In fact, the Carling Cup for me now pretty much matches the FA Cup in all areas. Admittedly, the early stages of the Carling Cup draw such poor attendances, the atmosphere suffers. Once teams reach the quarter finals, crowds often swell. Still playing their matches under floodlights, the atmosphere is undoubtedly better than an afternoon kick off. Proof of this can be seen in the ties between City and Utd in both competitions over the last two years. Both of the Carling Cup semi final ties were pulsating and thrilling. The atmosphere in the Old Trafford leg was so infectious you could feel it on your sofa. The tie at Wembley last year however, was a drab affair in contrast.

Furthermore, the Carling Cup matches are genuine knockout games, there will be a winner and loser decided on the night. The prospect of penalties adds excitement to any occasion. The FA Cup’s replay system is antiquated, the high-intensity of the modern game and the congested fixture list means that the competition can be a huge drain on players and managers, let alone fans for whom a replay is the most unsatisfying of outcomes.

I’m not saying the Carling Cup is everyone’s favourite competition. And, admittedly, I chose Valencia and Barca over Liverpool and Brighton last night. But if I had to choose between it and the FA Cup, I’d take Mickey Mouse every time. Besides, that would mean less ITV coverage of football. That is something we can all agree would be a good thing.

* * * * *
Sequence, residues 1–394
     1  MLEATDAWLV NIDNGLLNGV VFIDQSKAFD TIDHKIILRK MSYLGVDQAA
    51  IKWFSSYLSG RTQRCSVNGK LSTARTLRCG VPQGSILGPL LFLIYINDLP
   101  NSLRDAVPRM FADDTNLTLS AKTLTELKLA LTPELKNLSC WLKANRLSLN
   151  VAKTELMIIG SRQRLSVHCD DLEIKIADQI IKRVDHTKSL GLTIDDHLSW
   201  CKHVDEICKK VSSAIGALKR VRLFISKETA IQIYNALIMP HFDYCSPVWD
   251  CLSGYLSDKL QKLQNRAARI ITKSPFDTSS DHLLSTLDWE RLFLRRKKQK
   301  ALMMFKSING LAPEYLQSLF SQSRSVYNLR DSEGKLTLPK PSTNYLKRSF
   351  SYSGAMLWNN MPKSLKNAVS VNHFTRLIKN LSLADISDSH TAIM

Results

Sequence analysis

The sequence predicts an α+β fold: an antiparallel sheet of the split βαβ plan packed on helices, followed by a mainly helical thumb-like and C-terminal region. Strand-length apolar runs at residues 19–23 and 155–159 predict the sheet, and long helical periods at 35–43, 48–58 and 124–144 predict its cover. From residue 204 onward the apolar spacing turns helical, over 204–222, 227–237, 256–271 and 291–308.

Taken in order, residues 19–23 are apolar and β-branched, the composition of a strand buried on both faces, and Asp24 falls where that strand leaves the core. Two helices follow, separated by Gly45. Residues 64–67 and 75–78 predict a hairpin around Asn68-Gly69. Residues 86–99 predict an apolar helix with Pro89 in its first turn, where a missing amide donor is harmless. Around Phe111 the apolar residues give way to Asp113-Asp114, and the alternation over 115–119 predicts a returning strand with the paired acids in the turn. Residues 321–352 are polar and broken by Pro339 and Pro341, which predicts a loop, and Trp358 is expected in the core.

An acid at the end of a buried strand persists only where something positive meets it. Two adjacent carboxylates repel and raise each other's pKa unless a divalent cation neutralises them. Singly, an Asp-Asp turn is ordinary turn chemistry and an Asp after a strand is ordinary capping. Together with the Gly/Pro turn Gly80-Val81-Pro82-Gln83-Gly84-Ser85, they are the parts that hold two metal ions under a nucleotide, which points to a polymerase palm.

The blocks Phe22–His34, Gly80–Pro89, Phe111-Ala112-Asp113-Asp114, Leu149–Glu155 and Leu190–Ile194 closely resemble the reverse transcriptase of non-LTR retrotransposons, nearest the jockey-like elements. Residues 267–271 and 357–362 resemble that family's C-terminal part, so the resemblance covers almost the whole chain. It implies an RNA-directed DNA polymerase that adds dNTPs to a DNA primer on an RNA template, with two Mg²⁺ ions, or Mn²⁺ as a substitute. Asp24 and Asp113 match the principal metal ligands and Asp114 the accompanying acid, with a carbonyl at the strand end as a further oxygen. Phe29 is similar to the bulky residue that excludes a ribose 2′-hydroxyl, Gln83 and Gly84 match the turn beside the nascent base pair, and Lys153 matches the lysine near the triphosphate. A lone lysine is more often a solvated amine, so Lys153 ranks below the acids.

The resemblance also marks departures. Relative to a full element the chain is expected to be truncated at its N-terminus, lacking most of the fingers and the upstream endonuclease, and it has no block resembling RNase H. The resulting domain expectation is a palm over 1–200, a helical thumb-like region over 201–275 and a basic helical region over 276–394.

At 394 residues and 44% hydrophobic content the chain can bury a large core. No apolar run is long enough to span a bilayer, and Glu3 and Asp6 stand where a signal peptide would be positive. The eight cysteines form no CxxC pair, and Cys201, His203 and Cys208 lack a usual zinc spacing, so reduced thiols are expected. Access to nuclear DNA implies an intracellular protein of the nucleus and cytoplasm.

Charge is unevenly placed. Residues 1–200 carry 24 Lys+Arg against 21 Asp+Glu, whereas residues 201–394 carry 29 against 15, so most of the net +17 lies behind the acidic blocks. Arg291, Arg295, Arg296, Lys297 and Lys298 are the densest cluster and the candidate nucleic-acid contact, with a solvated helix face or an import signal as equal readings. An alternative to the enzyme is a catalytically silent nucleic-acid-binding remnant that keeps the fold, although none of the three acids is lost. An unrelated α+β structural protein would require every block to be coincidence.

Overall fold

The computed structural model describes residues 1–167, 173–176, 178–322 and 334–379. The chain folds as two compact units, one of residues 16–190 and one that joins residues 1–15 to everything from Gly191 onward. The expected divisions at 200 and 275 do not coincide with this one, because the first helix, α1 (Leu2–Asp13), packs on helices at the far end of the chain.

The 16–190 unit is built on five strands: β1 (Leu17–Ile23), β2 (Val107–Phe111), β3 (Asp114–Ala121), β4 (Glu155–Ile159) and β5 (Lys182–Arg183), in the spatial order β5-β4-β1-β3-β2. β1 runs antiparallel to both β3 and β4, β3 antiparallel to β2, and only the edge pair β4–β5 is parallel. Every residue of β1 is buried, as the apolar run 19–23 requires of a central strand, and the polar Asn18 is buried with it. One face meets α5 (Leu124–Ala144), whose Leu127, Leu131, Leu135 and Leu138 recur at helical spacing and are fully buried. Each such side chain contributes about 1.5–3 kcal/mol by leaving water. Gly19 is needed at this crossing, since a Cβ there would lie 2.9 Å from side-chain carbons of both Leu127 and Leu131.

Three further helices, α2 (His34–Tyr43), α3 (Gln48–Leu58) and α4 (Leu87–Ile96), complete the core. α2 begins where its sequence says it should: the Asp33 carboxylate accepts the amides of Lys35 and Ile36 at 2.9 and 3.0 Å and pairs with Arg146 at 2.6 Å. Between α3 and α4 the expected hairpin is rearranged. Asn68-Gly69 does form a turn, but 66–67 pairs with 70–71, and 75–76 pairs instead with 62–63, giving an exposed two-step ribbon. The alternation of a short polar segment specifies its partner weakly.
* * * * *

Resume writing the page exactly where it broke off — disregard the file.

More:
- Joe

22

09 2011

Away Goals Rule.

The well-executed away goal is one of the most exhilarating moments in football. From a player’s perspective it is obviously important as an against-the-odds vindication of the team’s efforts. But for fans, it can be a moment of sheer joy. But what makes a great away goal? It’s not just the quality, in fact, the quality isn’t so important. It’s the context. It’s the silencing of the vast majority of the stadium. It’s the unhinged celebrations, the all too rare sense that players and fans are working for the same cause together, most evidently displayed in the embraces between teams and fans that seem to take place more often away than at home. I love the great away goal. Expect it to become a feature of this site.

Unfortunately, this weekend’s football did not offer the best selection. I have gone for Leon Best’s goal at Villa Park. The goal itself is woeful, the kind that any world class striker would be embarrassed to score. But Leon doesn’t care, neither do his teammates and neither do the fans. Look at his grin at 0:28 and observe the mentalists killing themselves to touch him at 0:40. Good away goal.

(apologies for the “commentary”.)

 

20

09 2011